Back in 1990, Rudine Sims Bishop, a professor at The Ohio State University, wrote profoundly about books being both windows and mirrors. The metaphor is elegant and true, and it has been used ever since to help articulate why diversity in literature is so important.
Books can offer a glimpse into the life of someone different from ourselves. They can also reflect back to us our own image. Both functions are important. Through reading the stories of others, we broaden our world view and learn about lives so different from our own. Through seeing ourselves in stories, we find validation for our own experiences.
One of my jobs as the librarian is to make sure our students find both windows and mirrors in our collection. Happily, there are more and more resources now that help me do that. The major library journals are increasing the space they devote to diverse books and authors. Additionally, many online communities are dedicated to getting out the word about books that portray marginalized voices. For example, The Brown Bookshelf promotes black children’s book authors and illustrators; Latinx in Kids Lit promotes children’s books by, about, and for the Latinx community. A quick Google search on “children’s books” and whatever group you want will produce results about that specific sector. If you’re interested in a more general spectrum of diverse titles, #WeNeedDiverseBooks and #ReadYourWorld are two great Twitter feeds to follow.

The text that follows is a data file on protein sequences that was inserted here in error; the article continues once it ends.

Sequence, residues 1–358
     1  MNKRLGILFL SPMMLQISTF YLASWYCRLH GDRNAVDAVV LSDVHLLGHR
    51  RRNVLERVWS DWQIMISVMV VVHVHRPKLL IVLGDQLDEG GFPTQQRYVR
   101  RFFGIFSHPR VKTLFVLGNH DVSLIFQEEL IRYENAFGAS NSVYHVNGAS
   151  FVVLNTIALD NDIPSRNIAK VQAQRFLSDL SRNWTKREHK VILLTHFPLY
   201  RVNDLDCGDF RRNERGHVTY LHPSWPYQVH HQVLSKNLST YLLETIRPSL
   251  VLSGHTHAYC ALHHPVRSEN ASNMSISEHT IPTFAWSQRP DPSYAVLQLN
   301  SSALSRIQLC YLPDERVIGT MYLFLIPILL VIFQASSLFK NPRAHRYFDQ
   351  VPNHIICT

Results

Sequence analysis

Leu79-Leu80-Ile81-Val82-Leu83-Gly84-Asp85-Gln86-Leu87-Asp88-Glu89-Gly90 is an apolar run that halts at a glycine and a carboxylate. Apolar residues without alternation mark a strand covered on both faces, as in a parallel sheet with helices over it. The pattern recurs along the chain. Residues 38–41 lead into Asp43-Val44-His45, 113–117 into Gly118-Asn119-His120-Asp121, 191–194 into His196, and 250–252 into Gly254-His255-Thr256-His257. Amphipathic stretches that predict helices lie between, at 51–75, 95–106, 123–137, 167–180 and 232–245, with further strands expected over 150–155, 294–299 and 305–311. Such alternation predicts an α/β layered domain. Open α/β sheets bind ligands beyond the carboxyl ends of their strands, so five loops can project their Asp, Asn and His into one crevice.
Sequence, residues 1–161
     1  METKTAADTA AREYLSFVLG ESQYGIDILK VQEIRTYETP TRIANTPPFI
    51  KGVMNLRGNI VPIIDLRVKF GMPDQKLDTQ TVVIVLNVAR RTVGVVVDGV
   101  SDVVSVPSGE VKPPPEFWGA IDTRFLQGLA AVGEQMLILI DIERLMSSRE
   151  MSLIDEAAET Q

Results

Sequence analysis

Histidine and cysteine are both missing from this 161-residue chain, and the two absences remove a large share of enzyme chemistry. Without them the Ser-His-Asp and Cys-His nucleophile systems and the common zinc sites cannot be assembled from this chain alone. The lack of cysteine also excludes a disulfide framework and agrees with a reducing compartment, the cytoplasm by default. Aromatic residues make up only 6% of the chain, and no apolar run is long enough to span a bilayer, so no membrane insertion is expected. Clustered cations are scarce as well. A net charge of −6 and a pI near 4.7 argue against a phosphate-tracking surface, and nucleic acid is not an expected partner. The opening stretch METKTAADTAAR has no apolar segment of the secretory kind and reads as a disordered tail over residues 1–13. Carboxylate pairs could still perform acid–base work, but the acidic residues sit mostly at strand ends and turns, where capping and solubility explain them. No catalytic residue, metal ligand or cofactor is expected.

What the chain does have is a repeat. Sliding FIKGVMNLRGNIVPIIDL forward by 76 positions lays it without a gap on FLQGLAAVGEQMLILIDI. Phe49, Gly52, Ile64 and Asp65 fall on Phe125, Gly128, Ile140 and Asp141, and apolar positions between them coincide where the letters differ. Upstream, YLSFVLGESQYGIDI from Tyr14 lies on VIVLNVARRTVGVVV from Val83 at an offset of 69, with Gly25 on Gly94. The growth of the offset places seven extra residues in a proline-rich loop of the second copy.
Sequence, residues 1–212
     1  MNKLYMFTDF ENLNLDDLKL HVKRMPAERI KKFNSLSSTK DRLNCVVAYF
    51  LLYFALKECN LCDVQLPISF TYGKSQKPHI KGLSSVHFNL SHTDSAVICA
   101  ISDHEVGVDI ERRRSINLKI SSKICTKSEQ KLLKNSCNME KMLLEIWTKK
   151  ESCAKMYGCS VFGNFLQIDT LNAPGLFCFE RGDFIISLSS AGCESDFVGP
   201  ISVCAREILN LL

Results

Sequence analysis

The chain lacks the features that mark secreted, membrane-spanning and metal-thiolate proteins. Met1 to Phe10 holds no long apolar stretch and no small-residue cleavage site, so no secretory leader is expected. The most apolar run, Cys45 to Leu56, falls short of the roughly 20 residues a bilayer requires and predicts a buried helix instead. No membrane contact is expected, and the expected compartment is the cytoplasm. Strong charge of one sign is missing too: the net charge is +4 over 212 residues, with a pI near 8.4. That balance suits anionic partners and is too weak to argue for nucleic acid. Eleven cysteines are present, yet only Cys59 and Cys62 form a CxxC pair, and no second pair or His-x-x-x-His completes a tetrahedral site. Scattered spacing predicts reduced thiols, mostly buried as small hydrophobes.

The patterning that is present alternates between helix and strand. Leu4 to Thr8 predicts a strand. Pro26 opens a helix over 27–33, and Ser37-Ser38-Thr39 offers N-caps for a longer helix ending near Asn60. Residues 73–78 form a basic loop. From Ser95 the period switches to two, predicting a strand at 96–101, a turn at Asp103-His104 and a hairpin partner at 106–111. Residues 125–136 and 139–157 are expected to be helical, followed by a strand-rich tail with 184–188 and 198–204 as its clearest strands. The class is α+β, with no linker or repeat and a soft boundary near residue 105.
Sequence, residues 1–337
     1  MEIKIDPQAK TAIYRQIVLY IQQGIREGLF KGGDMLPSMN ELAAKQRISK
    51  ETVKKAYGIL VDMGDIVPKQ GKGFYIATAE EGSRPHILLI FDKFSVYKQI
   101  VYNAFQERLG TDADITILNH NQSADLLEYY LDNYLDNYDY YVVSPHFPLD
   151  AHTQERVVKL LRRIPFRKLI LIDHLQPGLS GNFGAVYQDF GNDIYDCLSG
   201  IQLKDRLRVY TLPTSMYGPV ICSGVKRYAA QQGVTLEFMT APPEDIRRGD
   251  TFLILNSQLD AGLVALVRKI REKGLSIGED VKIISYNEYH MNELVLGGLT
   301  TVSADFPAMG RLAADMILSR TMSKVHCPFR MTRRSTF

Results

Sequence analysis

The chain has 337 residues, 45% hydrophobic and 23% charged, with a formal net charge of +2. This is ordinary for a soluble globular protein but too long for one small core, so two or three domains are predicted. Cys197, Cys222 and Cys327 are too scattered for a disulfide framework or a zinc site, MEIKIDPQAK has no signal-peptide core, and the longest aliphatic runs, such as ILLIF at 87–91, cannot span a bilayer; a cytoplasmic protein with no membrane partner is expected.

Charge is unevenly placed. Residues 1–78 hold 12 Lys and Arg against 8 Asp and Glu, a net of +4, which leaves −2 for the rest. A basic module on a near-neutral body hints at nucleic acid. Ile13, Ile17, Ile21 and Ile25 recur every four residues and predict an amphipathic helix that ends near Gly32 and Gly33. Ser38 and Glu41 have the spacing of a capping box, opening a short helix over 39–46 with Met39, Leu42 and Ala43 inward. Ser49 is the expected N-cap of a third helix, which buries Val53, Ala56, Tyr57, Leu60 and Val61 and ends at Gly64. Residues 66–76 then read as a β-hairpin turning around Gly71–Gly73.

Here are a number of books we’ve recently purchased that I highly recommend: